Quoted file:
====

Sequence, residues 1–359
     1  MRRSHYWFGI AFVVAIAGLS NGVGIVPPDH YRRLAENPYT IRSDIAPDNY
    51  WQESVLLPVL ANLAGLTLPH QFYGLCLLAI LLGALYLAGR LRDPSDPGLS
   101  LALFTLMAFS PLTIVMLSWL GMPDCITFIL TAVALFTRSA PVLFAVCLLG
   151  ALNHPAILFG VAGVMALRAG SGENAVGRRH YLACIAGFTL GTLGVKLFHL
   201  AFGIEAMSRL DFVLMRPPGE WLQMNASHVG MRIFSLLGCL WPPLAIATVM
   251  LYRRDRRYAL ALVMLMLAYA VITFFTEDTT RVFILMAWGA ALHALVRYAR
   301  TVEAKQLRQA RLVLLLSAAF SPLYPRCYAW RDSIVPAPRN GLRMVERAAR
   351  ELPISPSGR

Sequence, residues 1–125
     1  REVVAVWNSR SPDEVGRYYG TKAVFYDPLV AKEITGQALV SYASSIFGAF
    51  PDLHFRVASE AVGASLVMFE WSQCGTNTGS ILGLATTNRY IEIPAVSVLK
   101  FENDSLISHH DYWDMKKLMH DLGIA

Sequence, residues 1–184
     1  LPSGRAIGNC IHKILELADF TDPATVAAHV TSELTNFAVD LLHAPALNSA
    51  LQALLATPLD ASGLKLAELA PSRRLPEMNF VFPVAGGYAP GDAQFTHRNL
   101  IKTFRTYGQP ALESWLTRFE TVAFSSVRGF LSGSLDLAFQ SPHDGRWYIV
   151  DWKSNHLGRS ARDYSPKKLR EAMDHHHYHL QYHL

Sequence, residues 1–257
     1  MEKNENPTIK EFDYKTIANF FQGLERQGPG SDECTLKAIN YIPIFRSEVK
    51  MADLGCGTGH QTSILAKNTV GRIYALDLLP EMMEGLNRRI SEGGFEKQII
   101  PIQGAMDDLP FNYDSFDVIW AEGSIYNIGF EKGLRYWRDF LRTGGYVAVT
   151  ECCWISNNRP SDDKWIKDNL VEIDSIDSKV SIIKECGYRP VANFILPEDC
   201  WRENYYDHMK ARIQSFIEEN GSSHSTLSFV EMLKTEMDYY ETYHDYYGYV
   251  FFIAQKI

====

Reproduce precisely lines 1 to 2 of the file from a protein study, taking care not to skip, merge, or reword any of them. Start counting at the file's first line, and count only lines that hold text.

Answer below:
Sequence, residues 1–359
     1  MRRSHYWFGI AFVVAIAGLS NGVGIVPPDH YRRLAENPYT IRSDIAPDNY